In the real world, practicality matters. When the electricity goes out, if one is careful to avoid a blue flame, one can use gas burners and keep one’s kitchen fairly warm with gas, even without any electricity.

    Though I have a whole house backup generator which generally works great, occasionally those can fail. Short of vastly overpriced batteries which can run out of energy fairly quickly, a gas stove or fireplace is a simple solution from disaster if the electricity goes out in winter (as it did in last night’s KY ice storm for MANY last night — and when that happens it can take several days for the power to come back on).

    You can lecture me with all your far left news all you want. Since I’m a taxpayer who pays far more government bills than I’ll ever collect, I’ll go with what my doctor, nutrition, and exercise says, re my health, thankyouverymuch. But I know, your ilk just loves to HATE on the taxpayers who actually pay MUCH of the countries’ bills re income tax.

  3. makati1 on Thu, 11th Feb 2021 5:22 pm 

    “…the uS has the best legislators money can buy…”

    YEP! Lifetime government whores living off of the taxpayer and doing the oligarch’s bidding. Multi-millionaires all.

    Amerika has been a 3rd world, Banana Republic, Fascist, Police State for many years, but it is just now being exposed for the world, and the dumbed down Amerikan serfs, to see.

  4. makati1 on Thu, 11th Feb 2021 5:31 pm 

    Outcast, that was once true, but now the government pays its bills with printed money and digits on the internet. The bill will never come due to pay back all that paper, but it WILL crash the economy and it will NEVER recover because the USD will be worse than any other fiat currency when it loses it’s world prominence. No-one will want to hold it or use it in commerce. Wait and see.

    TOTAL US DEBT as of now: 130.89% and growing! When will the world dump the dollar? Soon, I would bet. Before 2030. Maybe next year? Tomorrow? Are you prepared? I am.

  5. OutcastPhilosopher on Fri, 12th Feb 2021 9:25 am 

    Makati you might as well talk to the fucking wall instead of searcher. dude is a double ended dildo

  6. Zeke Putnam on Fri, 12th Feb 2021 11:05 am 

    I figure the oil companies/government is responsible for the flat tire I had last week. Just for the helluva it, lets consider some of us, at least, have a brain we use. I found electric a pain in the ass to cook with as did my wife. My personal read is we ALL joyfully jumped on the band wagon and loved it. My advice is quit bitching/blaming and accept responsibility. I’m 79 and saw this general situation coming 40 yrs ago. I tried talking about it but was met with ridicule. So I just shut up and rode the ride.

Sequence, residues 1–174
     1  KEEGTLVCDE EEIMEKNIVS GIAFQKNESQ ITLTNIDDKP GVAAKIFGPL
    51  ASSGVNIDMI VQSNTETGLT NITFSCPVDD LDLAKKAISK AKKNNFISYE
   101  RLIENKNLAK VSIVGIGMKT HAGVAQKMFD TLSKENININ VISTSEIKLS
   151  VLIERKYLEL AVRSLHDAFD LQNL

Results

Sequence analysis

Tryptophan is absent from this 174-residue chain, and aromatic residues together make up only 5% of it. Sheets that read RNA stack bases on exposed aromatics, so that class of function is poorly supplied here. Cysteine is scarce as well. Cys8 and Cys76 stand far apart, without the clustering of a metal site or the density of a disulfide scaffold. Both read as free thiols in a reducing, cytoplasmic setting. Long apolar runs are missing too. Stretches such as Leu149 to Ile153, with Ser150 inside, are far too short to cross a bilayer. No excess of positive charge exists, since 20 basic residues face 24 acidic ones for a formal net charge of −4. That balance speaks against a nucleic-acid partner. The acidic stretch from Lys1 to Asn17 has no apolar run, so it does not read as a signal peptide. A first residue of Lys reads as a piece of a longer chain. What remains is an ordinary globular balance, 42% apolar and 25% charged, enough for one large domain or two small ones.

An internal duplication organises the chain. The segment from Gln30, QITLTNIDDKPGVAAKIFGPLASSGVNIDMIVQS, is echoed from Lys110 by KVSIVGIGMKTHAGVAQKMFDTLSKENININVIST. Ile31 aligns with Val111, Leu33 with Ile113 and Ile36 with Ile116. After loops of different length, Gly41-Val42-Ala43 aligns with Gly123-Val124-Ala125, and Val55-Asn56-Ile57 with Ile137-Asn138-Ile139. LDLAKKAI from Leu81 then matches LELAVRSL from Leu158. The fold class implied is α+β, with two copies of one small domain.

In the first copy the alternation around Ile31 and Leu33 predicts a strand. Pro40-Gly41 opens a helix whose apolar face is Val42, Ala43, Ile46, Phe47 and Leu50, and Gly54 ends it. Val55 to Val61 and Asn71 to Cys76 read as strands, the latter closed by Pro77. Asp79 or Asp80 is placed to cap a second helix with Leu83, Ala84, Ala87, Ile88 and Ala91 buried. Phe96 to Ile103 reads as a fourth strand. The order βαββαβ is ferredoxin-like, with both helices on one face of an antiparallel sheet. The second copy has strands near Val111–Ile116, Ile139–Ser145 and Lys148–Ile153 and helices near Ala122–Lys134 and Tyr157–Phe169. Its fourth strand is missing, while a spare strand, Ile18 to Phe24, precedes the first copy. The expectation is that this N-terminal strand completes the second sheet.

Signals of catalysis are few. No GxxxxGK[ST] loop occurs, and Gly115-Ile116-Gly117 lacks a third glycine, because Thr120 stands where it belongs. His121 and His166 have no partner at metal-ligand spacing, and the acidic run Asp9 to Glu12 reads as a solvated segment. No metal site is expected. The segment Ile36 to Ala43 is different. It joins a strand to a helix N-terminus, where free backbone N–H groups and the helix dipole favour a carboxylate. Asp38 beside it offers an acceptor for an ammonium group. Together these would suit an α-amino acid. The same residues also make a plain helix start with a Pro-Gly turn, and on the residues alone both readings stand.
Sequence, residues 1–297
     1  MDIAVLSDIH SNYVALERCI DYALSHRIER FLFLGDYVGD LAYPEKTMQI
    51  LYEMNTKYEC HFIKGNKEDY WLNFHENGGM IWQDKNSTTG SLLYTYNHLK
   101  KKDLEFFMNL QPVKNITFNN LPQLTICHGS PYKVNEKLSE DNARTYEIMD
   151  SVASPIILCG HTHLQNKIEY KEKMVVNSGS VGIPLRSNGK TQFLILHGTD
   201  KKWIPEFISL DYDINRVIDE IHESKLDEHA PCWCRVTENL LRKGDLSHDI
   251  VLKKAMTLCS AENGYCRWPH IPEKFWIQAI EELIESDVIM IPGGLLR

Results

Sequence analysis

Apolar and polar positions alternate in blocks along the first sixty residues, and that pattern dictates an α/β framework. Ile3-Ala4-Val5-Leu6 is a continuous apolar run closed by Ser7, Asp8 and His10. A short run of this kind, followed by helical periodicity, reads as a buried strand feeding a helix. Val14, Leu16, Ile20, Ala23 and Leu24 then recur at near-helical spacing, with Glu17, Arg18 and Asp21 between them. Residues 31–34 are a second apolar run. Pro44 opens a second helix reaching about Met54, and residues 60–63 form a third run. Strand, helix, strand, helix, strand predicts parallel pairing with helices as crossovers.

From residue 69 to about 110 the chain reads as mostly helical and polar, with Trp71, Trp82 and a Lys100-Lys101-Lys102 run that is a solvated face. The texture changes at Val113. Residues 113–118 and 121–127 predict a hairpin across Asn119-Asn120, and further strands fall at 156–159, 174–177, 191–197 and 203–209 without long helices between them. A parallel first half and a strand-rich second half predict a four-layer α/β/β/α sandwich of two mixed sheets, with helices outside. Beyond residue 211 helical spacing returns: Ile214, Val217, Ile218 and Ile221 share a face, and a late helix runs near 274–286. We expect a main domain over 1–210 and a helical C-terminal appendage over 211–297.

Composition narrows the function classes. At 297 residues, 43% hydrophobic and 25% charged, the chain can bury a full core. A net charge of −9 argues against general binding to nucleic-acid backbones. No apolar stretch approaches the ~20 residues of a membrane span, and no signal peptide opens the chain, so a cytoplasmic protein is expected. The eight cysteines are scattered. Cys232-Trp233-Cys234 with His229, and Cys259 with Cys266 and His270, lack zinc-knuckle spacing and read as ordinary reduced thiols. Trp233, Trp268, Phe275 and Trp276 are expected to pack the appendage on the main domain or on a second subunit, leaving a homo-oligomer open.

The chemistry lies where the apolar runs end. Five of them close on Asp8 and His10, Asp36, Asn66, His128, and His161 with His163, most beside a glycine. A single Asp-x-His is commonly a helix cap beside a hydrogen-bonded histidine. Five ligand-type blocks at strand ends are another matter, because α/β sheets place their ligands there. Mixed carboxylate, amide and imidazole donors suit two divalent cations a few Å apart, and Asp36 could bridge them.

7. makati1 on Fri, 12th Feb 2021 3:31 pm 

    I realized long ago that most people here are brain dead. I still post in the event that something may sink in and spark real thought. I guess it is hopeless, in most cases. Sigh!

    The world is going to hell and Amerika is leading the parade, followed closely by the UK and Australia. The UK cannot even feed itself but still believes it rules the world thru Amerikan Jews, another failed country. Australia desperately wants to be one of the big boys, but is driving away their biggest trade partner and income, China. Is there some stupidity drug in Western water?

    Oh well. Saturday morning here. Another day to enjoy the nice weather and browse the news. Pass the popcorn.

  8. Biden's hairplug on Fri, 12th Feb 2021 3:47 pm 

    “Australia desperately wants to be one of the big boys, but is driving away their biggest trade partner and income, China. Is there some stupidity drug in Western water?”

    You are misreading the situation. China has no interest in good relations with Australia. China is preparing its own population for an invasion of Australia on the very moment major civil unrest breaks out in the US. If the US and China clash in the SCS, Beijing will use the opportunity to grab Taiwan, Australia and New Zealand in one big sweep and throw the US out of East-Asia.

    “‘A mistake’: China’s warning to Australia as relations fail to improve”

    Don’t take it from me, take it from Australia’s most senior politician Malcolm Fraser (RIP):

    “America: Australia’s Dangerous Ally”

    But as you seem to suggest, Anglosphere is toast. The only left-over will be the English lingua franca, just like Latin persisted 1000 years after the demise of the Roman empire.

  9. makati1 on Fri, 12th Feb 2021 4:44 pm 

    Australia has need of China. It does not need the dying US.

    China has no need to “invade” anyone, especially Australia. It already has more power there than the US has. Money talks better than guns. Amerika has not learned that lesson..yet, but then, the USD is just toilet paper anyway and the world is flushing it.

    You are taking some powerful drugs and they are giving you delusions, BHP. China can take out Australia by cutting off the cash flow anytime it decides to. The US cannot replace it even close.

    As for your comment about throwing the US military out of Asia, I am all for that. Tomorrow would be OK with me. It has no business anywhere except in the 50 US states. Send them ALL home.

  10. Davy on Fri, 12th Feb 2021 8:02 pm 

    ‘Bidens Hair Plug’, is just another one of Cloggo’s FRAUD identities.

    Gawd are you ever dumb makatoo